The Texas-native began her career working in the U.S State Department in Counterterrorism, then moving to the Secretary’s Office of Global Women’s Issues. From there she went on to work for the McCain Institute for International Leadership as director of Humanitarian Action. It was with the McCain Institute that she traveled to Calcutta where she met with female survivors of human trafficking who were using their handcraft skills to make a living.

The visit, she said, “really planted a seed in my heart” seeing “how dignified those survivors were in their jobs … I knew I wanted to help provide opportunities … so that they could have access to income and economic [independence].”

After much thinking, Mossbacher Morris left her job with the McCain Institute with the intention of starting a market-driven social enterprise that would create additional distribution channels for products created by survivors, specifically of abuse, conflict and disease. She mined all her resources and with the help of close advisors (Paul Hurley, founder of ideeli, serves as a senior advisor to TTM) opened for business last fall.

Using a three-pronged business strategy, TTM assists local partners around the world by showcasing handmade goods in their online marketplace and pop-up shops, while raising awareness through storytelling. Each product comes with a tag that has the maker’s story on it, and TTM is always sharing stories via social media and blogging. The third prong is more technical and always evolving: In addition to helping entrepreneurs sell their goods, TTM wants to help their partners become more efficient. For example, TTM offers trend forecasting to help the entrepreneurs make more informed product decisions.

“We feel the background for these products is really special, but we don’t want to lead with that, we want to close with that,” Mossbacher Morris said. “We want people to purchase products for their desire for the product, rather than making a pity purchase.”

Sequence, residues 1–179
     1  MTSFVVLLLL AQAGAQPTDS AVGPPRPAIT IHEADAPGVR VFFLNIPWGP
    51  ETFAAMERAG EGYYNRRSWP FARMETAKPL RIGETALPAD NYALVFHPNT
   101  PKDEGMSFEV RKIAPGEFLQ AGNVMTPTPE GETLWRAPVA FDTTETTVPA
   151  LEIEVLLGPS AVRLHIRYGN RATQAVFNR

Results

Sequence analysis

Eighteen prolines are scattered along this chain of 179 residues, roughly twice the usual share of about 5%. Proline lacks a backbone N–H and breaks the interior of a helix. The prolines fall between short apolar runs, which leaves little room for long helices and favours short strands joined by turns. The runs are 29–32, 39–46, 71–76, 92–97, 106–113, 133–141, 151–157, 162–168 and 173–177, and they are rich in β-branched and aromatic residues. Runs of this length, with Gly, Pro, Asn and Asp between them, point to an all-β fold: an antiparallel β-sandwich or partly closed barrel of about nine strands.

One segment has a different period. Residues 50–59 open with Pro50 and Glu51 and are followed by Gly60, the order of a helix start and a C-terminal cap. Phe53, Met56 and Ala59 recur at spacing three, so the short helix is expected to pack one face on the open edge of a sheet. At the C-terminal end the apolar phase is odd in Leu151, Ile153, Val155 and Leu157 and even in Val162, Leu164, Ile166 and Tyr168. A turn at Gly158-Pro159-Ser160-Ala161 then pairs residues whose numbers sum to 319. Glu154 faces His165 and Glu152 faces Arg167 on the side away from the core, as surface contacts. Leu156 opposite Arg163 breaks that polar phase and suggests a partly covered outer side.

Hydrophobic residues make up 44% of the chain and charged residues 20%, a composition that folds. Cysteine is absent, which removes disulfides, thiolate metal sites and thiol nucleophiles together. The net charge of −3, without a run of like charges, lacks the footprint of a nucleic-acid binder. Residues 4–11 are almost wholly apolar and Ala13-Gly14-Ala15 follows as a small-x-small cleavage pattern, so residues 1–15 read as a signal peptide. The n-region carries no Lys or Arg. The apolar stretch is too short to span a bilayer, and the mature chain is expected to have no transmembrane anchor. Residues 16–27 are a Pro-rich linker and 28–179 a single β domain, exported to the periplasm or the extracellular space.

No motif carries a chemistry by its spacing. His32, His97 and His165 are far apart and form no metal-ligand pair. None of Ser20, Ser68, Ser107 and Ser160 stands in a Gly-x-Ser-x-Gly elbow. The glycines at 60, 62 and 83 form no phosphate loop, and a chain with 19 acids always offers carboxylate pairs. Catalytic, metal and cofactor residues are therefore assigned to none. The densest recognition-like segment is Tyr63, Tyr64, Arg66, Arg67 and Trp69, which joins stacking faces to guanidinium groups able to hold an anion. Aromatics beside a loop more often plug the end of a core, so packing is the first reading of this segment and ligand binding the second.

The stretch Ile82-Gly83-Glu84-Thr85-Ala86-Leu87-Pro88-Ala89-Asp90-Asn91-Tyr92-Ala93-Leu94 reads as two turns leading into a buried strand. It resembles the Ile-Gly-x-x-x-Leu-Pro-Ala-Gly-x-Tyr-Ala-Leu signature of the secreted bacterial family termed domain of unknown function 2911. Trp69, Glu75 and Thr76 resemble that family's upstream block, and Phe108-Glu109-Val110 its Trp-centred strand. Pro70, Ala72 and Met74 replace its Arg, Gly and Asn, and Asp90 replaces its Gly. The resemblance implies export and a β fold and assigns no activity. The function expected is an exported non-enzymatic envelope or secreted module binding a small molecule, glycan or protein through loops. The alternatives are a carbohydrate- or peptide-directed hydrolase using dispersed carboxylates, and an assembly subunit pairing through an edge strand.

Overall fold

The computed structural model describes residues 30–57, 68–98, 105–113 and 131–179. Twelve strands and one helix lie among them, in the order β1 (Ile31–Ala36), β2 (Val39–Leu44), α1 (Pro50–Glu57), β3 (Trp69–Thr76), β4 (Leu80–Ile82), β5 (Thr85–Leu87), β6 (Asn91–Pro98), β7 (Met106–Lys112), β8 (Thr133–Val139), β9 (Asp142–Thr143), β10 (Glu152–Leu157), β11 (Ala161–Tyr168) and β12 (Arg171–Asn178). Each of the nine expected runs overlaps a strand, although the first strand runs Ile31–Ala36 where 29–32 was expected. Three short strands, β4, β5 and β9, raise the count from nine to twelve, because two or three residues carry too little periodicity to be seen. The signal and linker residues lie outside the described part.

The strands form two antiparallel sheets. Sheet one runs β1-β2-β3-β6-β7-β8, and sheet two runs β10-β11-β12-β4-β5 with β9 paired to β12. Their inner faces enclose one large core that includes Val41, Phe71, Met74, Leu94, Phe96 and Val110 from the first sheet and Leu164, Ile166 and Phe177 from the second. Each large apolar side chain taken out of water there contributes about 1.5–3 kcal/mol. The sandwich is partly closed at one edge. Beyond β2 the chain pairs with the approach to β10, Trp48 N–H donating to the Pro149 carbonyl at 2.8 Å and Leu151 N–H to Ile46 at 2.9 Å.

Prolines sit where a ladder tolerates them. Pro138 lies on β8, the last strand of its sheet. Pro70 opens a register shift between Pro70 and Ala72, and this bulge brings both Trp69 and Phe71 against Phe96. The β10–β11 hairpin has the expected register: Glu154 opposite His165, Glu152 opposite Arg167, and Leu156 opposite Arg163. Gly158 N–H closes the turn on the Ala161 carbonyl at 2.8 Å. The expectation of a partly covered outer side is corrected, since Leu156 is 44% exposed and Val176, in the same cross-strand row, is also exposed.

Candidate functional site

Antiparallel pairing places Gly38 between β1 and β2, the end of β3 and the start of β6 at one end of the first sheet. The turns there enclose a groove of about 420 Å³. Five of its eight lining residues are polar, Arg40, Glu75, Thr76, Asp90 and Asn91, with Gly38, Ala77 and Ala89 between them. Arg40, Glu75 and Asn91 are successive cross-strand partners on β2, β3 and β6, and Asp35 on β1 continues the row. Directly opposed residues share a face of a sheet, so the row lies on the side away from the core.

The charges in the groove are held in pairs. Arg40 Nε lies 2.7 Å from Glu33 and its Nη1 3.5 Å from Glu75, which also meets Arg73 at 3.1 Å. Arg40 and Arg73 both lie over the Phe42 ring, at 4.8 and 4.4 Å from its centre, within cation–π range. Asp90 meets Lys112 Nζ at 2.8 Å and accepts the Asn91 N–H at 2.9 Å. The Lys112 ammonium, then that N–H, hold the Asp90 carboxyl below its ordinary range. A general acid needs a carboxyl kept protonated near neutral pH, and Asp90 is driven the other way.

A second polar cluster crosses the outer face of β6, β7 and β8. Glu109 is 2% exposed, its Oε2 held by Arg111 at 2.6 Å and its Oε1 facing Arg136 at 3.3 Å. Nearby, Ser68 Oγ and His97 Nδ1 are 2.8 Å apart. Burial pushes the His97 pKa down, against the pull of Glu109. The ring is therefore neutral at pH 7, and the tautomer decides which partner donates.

Biggest challenge: “The good news is that there are a growing number of organizations offering the dignity of work to vulnerable communities [and] many of these organizations have wonderful missions,” Mosbacher Morris said, adding that her wish is to be able to partner with “anyone trying to create economic independence for others.” But in order for TTM to “stay true to our mission” it must be firm in picking only partner organizations that employ survivors of abuse, conflict or disease.

Partnering up: In selecting partners on the ground, TTM uses referrals from inside its network, as well as referrals from existing partners. These organizations need to already have set up shop, and hired and trained survivors to produce handmade goods before TTM can step in to make a scalable impact, says Mosbacher Morris.

Moment in time: “We have received overwhelmingly positive support for our model – people love that we are taking a free-market approach to addressing long standing social issues,” she says. That, and that TTM has been “overwhelmed by orders from all over the world,” which she believes is a reflection of the growing market and desire for ethically-made, socially-inspired products.